The bruises spread in spring blooms across my lonely skin. Destruction tattooed as deep violet blossoms and dainty rose buds. My eyes wilting from my body’s constant insistence on standing sentry to the plagues of night. Burning words, poured out, rubbing raw against my throat. Short bursts of relief from the ceaseless, internal battle that pushes my veins, unrelentingly to the surface. My lungs certain that the blood rushing to my periphery will no longer allow them to fill. And as my eyes dance their involuntary climb towards the sky, a hand closes around my throat. And I am sure this is the end. My mouth pours, silently, ridding my bones of all the damnation. And the hand pulls me from my faults. And his mouth closes our distance as he drains the words from me. Shoving them down inside himself. And he pushes his own blazing fire down into the pit of me. Screams of light and oxygen satiating my covetous ache for grace. And he lit me up until I was all he could see. He lit me up until I was inextinguishable. He lit me up. Until I was as unending as him.
r i s e
my name is death.
and i am here to collect.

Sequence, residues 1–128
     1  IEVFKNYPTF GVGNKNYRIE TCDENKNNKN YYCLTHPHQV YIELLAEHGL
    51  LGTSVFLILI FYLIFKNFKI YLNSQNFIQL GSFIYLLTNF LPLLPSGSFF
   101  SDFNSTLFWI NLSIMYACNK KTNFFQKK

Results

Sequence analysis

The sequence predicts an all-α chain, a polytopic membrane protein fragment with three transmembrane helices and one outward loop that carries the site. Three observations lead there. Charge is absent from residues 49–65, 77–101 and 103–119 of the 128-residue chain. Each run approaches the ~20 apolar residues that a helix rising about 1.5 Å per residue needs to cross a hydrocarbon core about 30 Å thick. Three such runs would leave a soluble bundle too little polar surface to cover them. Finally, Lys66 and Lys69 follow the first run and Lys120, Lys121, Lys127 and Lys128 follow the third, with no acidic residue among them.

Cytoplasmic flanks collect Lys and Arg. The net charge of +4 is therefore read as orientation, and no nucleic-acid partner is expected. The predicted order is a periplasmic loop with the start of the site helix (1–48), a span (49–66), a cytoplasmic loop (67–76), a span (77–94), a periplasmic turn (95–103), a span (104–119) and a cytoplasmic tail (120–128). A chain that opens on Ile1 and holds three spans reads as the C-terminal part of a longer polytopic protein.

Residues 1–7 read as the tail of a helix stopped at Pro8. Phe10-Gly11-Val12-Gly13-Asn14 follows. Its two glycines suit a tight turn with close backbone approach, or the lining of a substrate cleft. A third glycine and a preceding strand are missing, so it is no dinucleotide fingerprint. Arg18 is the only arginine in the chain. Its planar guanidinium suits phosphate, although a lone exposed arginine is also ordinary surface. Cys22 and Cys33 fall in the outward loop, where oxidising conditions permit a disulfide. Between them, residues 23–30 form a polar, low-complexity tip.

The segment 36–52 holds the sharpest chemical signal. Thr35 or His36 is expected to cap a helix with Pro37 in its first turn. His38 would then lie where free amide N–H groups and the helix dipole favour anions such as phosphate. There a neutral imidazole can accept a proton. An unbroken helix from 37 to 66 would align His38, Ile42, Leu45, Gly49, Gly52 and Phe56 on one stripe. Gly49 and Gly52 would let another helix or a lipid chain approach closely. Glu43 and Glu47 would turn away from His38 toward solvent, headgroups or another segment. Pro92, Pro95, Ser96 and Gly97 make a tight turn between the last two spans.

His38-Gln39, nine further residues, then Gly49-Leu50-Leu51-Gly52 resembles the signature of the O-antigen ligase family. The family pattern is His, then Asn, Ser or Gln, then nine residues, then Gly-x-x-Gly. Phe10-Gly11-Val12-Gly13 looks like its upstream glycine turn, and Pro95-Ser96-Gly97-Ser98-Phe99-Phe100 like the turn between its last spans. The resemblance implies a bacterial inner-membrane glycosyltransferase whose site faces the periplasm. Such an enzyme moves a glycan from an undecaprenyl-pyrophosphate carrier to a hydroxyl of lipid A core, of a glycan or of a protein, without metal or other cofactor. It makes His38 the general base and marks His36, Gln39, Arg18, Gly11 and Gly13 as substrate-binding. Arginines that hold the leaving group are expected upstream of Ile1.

last year, your husband took his last breath;
last year, your daughter finally felt like it was too much to be perfect.
it was supposed to be your end, too.
the losses were supposed to push you over the edge—
of your mind’s zoo,
of the nearby pier’s ledge.
you were never meant to survive.
between work, bills, and a single child left,
you were meant to take the dive.
i am here to collect because your life was theft.
you robbed me of my rightful sword
and sneered as you snapped it in half.
dear, i am your lord.
and yet, at me, you cried out in a laugh.
it has been so long since the time
when you would have accepted my knife,
for your love of a forever nighttime
made you desperate to end your life.
but being a glorious king,
i waited. for there was more loss to wreak.
for you, a purgatory i wanted to bring.
with greedy eyes, i wanted you to watch you grow weak.
and now i am here to collect,
but suddenly you are not so desperate anymore.
your mind no longer feels the usual neglect;
your body does not wear scarlet stains as it did before.
i am here to collect,
but you are ready.
with an army of support to protect,
with one amazing son to keep you steady.
i am here to collect,
but your heart’s ashes have blossomed into a flower.
armed with love and self-respect,
you have risen above my fatal power.
lick my brain so I forget to feel, drop me in your ocean of words and once you are ready, breathe your warm thoughts into my soul.
Turnabout is Fair Play
She was bitterly cold as she lay on the wet leaves of the foreboding forest floor. The wicked grin of the pockmarked moon failed to shed any light on her plight. Why couldn’t she remember why she was here? Running her hands down her arms, she felt sticky liquid and touched her fingers to her lips to taste it. The salty, metallic taste of blood assailed her senses, bringing a wave of abject horror to the young woman.